PreTrial Order Issued In Bair Hugger Warming Blanket MDLOct 19, 2016
There are nearly 700 lawsuits in the Bair Hugger forced air warmer system multidistrict litigation (MDL) that has been organized in the United States District Court, District of Minnesota. Lawsuit allegations include that the Bair Hugger leads to severe infections.
The court just approved use of a "Plaintiff Fact Sheet" in its pretrial Order. Current plaintiffs must complete the Fact Sheet within 90 days. Future plaintiffs and plaintiffs whose lawsuits are transferred into this MDL will must complete the Fact Sheet within 90 days following either filing of their complaint or short-form complaint, or their completed transfer, whichever is later.
An MDL allows the lawsuits associated with a particular product-in this case, the Bair Hugger system-to-be coordinated under one judge for pretrial litigation. Coordination of an MDL helps to avoid duplicative discovebry and inconsistent rulings and to conserve the resources of the parties, witnesses, and the court. When lawsuits are consolidated in an MDL, each retains its own identity. If the MDL process does not resolve the cases, they are transferred back to the court where they originated for trial. Initial cases are known as so-called "bellwether trials," and enable involved parties to better understand and predict how future cases will turn out and if their cases should be negotiated for an out-of-court settlement. The Plaintiff Fact Sheet is used to obtain information about specific plaintiff cases and is intended to streamline the discovery process.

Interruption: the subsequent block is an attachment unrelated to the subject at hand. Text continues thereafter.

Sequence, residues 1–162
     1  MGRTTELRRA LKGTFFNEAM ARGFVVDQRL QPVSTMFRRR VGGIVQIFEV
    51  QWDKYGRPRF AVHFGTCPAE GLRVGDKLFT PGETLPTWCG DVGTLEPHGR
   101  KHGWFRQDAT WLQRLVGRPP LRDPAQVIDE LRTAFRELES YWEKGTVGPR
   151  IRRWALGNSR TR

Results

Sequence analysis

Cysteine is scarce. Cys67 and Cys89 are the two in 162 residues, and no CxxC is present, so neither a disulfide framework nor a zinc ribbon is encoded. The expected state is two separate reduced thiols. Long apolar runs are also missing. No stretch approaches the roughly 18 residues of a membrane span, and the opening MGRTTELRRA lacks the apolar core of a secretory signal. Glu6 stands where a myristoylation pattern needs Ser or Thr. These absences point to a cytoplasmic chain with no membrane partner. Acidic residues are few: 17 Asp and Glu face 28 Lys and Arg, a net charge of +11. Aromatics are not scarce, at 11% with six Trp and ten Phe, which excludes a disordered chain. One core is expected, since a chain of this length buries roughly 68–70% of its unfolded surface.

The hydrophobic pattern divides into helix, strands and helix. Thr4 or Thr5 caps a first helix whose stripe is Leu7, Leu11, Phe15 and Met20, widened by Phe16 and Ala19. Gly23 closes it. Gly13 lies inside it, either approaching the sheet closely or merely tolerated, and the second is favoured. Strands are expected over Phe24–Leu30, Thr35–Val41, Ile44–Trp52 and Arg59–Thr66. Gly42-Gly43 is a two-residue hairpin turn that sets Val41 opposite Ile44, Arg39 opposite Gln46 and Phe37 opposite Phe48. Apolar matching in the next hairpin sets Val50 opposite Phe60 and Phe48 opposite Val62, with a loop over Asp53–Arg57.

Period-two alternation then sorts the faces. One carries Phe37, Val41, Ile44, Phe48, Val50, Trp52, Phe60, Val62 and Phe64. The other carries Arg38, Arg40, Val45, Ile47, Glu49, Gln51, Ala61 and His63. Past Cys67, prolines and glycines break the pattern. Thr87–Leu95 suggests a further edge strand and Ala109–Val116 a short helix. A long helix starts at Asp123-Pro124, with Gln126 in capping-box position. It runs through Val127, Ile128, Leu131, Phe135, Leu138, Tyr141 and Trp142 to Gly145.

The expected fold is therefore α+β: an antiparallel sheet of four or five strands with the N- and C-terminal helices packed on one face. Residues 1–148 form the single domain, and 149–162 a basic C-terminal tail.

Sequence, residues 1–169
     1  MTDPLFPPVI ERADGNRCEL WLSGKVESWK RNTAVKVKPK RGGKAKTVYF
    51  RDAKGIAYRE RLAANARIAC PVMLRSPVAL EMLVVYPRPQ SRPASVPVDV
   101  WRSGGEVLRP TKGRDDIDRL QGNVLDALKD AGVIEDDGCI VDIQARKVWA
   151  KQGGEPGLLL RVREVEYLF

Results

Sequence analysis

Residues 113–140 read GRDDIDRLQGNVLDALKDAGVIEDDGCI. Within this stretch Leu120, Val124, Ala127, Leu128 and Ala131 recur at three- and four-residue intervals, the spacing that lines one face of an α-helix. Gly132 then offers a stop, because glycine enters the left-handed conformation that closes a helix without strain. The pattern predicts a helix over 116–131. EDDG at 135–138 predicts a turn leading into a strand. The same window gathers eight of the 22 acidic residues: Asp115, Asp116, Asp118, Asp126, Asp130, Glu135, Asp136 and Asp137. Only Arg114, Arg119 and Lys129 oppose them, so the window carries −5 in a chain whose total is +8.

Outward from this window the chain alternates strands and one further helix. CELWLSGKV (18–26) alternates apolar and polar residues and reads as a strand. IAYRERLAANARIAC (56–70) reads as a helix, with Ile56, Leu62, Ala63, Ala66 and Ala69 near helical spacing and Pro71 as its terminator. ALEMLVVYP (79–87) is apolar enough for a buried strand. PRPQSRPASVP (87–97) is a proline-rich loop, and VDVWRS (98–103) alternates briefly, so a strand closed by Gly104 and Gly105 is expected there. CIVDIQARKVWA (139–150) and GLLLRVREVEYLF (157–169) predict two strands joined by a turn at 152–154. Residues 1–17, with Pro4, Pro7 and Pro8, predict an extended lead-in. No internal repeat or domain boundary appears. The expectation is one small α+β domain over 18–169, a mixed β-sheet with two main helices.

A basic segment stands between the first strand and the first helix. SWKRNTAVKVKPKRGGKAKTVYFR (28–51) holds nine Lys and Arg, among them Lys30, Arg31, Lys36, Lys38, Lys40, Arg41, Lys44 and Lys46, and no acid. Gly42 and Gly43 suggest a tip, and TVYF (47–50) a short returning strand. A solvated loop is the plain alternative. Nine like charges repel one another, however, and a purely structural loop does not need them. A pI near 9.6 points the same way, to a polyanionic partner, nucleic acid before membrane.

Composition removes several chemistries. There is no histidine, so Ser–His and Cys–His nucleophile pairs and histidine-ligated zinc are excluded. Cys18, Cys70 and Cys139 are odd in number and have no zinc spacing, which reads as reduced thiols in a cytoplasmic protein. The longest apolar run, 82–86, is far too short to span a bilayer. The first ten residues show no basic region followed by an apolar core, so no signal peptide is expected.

Plaintiffs similarly allege that the Bair Hugger system has led to severe deep joint infections. This serious side effect has allegedly led to the need for additional surgeries and amputations, among other complications.
The Bair Hugger blankets are meant to maintain temperature during hip or knee replacement surgeries and work by pushing warm air through a hose into a blanket that is draped over a patient who is under anesthesia. The Bair Hugger warming blanket may allegedly pick up bacteria-contaminated air, blowing harmful pathogens directly into a sterile surgical site, according to a prior The New York Times report.
The Bair Hugger system was invented by Dr. Scott Augustine, an anesthesiologist. The system was approved by the U.S. Food and Drug Administration (FDA) in 1988. In the 25 years since the system was released to the market, Bair Hugger warming blankets have been used in over 200 million patients.